Triclosan is a chlorophenol, a class of chemicals
suspected of causing cancer in humans. Externally, it can cause skin
irritation, but since "….phenols can temporarily deactivate
the sensory nerve endings….contact with [triclosan] often
causes little or no pain. Internally, it can lead to cold sweats,
circulatory collapse, convulsions, coma, and even death."
Triclosan is stored in body fat. "It can
accumulate to toxic levels, damaging the liver, kidneys, and lungs, and
can cause paralysis, sterility, suppression of immune function, brain
hemorrhage, decreased fertility and sexual function, heart problems,
and coma." It has not been completely tested and analyzed for all
health and environmental risks.
Triclocarban is another antibacterial agent
similar to triclosan. Like triclosan, it is also a pesticide. It is
widely used in antibacterial soaps and other personal care
products. Not much research has been done on the toxicity of
triclocarban. However, it has been found to adversely affect lab
animals’ ability to reproduce and some of its breakdown
products cause cancer.
Triclocarban does not completely break down in wastewater treatment,
after you wash it down the drain. It has been found in groundwater,
streams and drinking water. There are many unanswered questions about
whether it’s presence in fertilizer and the soil cause it to
get into the food supply and whether it will cause harm.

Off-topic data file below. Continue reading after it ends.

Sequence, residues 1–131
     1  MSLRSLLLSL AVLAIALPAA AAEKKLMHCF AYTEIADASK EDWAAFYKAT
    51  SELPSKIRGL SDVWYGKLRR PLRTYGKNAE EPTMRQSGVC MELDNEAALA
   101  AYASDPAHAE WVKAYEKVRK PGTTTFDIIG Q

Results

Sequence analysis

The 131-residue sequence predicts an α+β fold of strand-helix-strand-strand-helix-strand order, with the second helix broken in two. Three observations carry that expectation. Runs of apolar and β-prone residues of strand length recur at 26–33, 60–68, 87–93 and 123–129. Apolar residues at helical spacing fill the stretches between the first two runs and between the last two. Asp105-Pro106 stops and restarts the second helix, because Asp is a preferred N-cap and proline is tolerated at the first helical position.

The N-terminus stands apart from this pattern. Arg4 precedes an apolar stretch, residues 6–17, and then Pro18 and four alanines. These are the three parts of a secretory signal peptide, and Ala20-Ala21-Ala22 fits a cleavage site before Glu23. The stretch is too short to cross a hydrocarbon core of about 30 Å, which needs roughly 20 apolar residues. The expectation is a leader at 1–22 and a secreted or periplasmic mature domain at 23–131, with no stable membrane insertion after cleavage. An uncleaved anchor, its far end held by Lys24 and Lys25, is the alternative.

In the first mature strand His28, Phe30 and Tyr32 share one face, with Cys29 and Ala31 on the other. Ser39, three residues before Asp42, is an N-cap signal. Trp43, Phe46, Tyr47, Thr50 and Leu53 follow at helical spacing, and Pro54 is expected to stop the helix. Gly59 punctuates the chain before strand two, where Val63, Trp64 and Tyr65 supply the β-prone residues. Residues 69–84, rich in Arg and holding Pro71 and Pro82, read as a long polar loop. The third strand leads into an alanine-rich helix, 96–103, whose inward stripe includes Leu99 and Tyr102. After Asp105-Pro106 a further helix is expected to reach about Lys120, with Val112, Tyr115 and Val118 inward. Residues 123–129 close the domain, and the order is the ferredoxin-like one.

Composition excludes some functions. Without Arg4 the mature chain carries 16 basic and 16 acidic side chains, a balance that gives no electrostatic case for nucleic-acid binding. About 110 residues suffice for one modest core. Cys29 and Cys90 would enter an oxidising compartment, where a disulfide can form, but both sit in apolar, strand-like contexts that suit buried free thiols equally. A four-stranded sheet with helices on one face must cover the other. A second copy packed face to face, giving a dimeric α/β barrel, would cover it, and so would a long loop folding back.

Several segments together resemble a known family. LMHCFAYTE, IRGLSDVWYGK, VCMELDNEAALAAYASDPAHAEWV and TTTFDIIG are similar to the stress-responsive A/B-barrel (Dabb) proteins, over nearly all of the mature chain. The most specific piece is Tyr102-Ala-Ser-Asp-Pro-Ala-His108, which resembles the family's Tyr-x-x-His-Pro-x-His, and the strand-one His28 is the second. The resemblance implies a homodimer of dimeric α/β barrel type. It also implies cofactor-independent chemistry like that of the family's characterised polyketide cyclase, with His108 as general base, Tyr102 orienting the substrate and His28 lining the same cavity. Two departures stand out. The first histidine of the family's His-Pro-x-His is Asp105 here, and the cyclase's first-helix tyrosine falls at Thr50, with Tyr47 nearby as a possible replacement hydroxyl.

These two chemicals alone are enough reason to
avoid antibacterial soaps. However, products containing antibacterial
agents generally also contain other harmful ingredients. Some of the
other ingredients found in these products that you should avoid include:
Antibacterial agents are not only in liquid soaps. It’s more
common for liquid soap to contain the antibacterial chemicals, about
75% of them do. However, about 30% of the bar soaps also contain
chemicals like tricolsan or triclocarban. In addition, these chemicals
can also be found in other products, like deodorants, cosmetics,
lotions, creams, toothpastes, mouthwashes, detergents, dish soaps and
- DMDM hydantoin
- Potassium Lauryl sulfate
- Lauramide diethanolamine (DEA)
- Ammonium lauryl sulfate
- Sodium laureth sulfate
- Tetrasodium EDTA
- D&C Colors
- FD&C Colors
It is especially important to avoid using
antibacterial soaps on children. These soaps do not protect
them and help them to stay healthy. In fact, children need to come in
contact with “germs” to help them to develop their
immune system. Overuse of antibacterial agents has been linked to
allergies and asthma.
It's also important to remember that
antibacterial agents do not kill viruses, the microorganisms
responsible for colds and flu.
The best soap to use for hand washing and general
body care is a pure and natural soap, liquid or bar, free of the harsh
and harmful chemicals. Gentle and healthy natural soaps can generally
be found in health food stores (be sure to check the ingredients on the
label) or online from companies that specialize in natural soaps.
Healthy soaps are also recommended in the book, Dying To Look Good and
online at DyingToLookGood.com.